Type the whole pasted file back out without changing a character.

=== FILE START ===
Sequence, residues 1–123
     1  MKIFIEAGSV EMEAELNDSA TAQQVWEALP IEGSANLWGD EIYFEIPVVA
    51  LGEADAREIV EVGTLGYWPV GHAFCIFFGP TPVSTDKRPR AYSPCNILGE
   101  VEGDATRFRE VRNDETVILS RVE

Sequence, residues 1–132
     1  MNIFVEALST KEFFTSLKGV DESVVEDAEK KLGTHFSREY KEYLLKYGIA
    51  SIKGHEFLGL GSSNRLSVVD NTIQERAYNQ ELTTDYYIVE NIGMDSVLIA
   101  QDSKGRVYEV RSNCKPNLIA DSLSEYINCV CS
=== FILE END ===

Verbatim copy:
Sequence, residues 1–123
     1  MKIFIEAGSV EMEAELNDSA TAQQVWEALP IEGSANLWGD EIYFEIPVVA
    51  LGEADAREIV EVGTLGYWPV GHAFCIFFGP TPVSTDKRPR AYSPCNILGE
   101  VEGDATRFRE VRNDETVILS RVE

Sequence, residues 1–132
     1  MNIFVEALST KEFFTSLKGV DESVVEDAEK KLGTHFSREY KEYLLKYGIA
    51  SIKGHEFLGL GSSNRLSVVD NTIQERAYNQ ELTTDYYIVE NIGMDSVLIA
   101  QDSKGRVYEV RSNCKPNLIA DSLSEYINCV CS